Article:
looking to come to the end of suffering - and now the end of
suffering has come to him.
The person is like a man who was clinging
desperately onto a raft in the middle of the ocean - and then a
great ship appears, and hands reach down and drag this person
onto the great ship, and he is saved from what otherwise would
be certain death.
What does the person feel, think and say?
Thank you, thank you, thank you!
That is exactly what we say - spontaneously
and with immeasurable gratitude - when we finally REALIZE that
Amida has saved us.
Amida made this promise to save us during
His pre-Buddha life as the monk Dharmakara. Dharmakara aspired
to become a Buddha. More than that, he aspired to be a
transformative Buddha, saving people (like me) who otherwise had
no chance of being saved at all.
To fulfill that promise, in the 18th of the
48 Bodhisattva Vows Dharmakara made, also called THE PRIMAL VOW,
he perfected his own practice over countless long ages, through
many different incarnational experiences. His heart full
of compassion, he reached out to the multitudes again and again,
helping them in many ways. And as his transcendental
powers grew, he began the monumental task of building his own
Buddha-land, a Pure Land where there was not going to be any
evil - or even a WORD for evil.
And when he was done, and his Pure Land was
ready to be "open for business", He Himself completed His
journey and became the transcendental Buddha Amida - and began
to rule over His Pure Land. People who heard this Dharma
message - and accepted it in Shinjin too - were able to be born
there, and experience the transformation to Buddhahood, in
accordance with His vow.
And what's most amazing - and for many most
difficult to believe - is that this was all done by Amida
SPECIFICALLY for the person who lacks any capacity to "do"
Buddhism at all.
As Master Shinran says, this Dharma message
and Dharma path is for the EVIL PERSON first...and than also for
the good person.
For the DISTRACTED PERSON first...and then
also for the attentive person.
For the LAZY PERSON first...and then also
for the diligent person.
For the INTELLECTUALLY IGNORANT PERSON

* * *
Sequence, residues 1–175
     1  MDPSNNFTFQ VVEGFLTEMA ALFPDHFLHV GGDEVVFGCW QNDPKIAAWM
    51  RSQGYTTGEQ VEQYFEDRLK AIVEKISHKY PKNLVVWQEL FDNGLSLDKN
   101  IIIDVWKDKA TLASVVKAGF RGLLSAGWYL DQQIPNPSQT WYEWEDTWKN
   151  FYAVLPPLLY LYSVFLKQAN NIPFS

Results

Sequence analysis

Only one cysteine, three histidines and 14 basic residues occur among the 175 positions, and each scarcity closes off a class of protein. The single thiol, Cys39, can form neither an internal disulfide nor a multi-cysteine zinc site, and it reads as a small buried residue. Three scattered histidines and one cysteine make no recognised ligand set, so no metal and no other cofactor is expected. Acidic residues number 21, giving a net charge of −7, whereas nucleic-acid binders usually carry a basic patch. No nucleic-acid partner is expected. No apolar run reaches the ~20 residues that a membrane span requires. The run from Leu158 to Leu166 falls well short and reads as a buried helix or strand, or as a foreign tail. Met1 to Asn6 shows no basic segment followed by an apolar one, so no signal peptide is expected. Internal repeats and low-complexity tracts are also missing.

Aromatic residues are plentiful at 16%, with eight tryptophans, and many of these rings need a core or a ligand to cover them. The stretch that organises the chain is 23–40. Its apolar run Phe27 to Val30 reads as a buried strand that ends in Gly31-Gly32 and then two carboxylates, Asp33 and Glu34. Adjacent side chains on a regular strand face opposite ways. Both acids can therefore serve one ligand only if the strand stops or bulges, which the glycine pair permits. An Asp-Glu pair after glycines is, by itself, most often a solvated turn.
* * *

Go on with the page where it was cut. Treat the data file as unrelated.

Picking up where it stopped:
first...and then also for the educated person.
The Primal Vow of Amida Buddha includes ALL
and excludes NONE. It is, by by its very definition and
design, the UNIVERSAL Dharma gate, the ONE VEHICLE that leads
directly to Buddhahood in the shortest and most direct way
And, once again, make no mistake:
Buddhahood is what we want. Buddhahood is what we're
after. Buddhahood is what we yearn for.
All of us - each and every one - have
experienced the confounding problems of being human here in
samsara. All of us have dealt with our frail and fragile
human bodies. All of us have dealt with the wild and out
of control thoughts and feelings of our egoic monkey minds.
All of us know what it is to live in the gap between what
we wish we were and what we really are.
And all of us have - finally - responded to
the failures and fragility of the human condition by awakening
our aspiration for Buddhahood.
Now, at last, with THIS Dharma message, on
THIS Dharma path, we have found a way to achieve our aspiration.
That's what the Third Pillar of True Shin
Buddhism is all about. It is an invitation - the ULTIMATE
invitation - to stop trying and start trusting. It is the
invitation to "Let go...and let Amida".
Let Amida? Let Amida WHAT?
Let Amida simply lead and guide you, step by
step, through this final journey through samsaric existence as a
non-Buddha. Let His transformative LIGHT shine into your own
personal darkness. Let His infinite LIFE enliven you.
And let Him carry you along, even across the threshhold of
DEATH, to the experience of Buddha-LIFE you will surely have
once you awaken in His Pure Land.
Just let go...and let Amida...once and for
That's the invitation of The Third Pillar.
These are the basics our Dharma masters
taught again and again. And so, these are the basics we
teach here as well. In our teaching, and in our hearing,
we come back to them over and over again. They never grow
old, and there is never any reason to stop teaching these
You may have to hear them 100 times, or
1000, before they really sink in and have their full
transformative effect in your own life. That's normative.
It is very uncommon for someone to "get" Shin Buddhism in
a full way the first time he (or she) hears this Dharma message.
And then, after a person does receive
Amida's gift of Shinjin, these three Pillars are still the most
important teachings we can hear. Even AFTER Shinjin, it's
always good to hear the encouragement to awaken our aspiration
for Buddhahood. Even AFTER Shinjin, it's always good to
recognize, once again, how impossible it is for us to transcend
our own egotism. Even AFTER Shinjin, it is always so
valuable to respond to Amida's call by entrusting ourselves and
our karmic destiny to Him afresh - opening our hearts and minds
to His light and life.
Before Shinjin...listen deeply.
After Shinjin...listen deeply.
It's not about listening to a lot of things.
Most of us simply can't do that. We're not sages,
we're not scholars, and we don't have the time, energy or
inclination to listen to a lot of things.
But we can all listen to a few things, and
ponder them deeply in our hearts and in our minds, until their
meaning becomes transformative in our lives.
So...with that I bring this explanation to a
close. As always, I invite anyone and everyone to ask any
questions you might have, or share any doubts you might have.
We will do our best to share with you the same answers you
would hear if you were asking Master Shinran or Master Rennyo.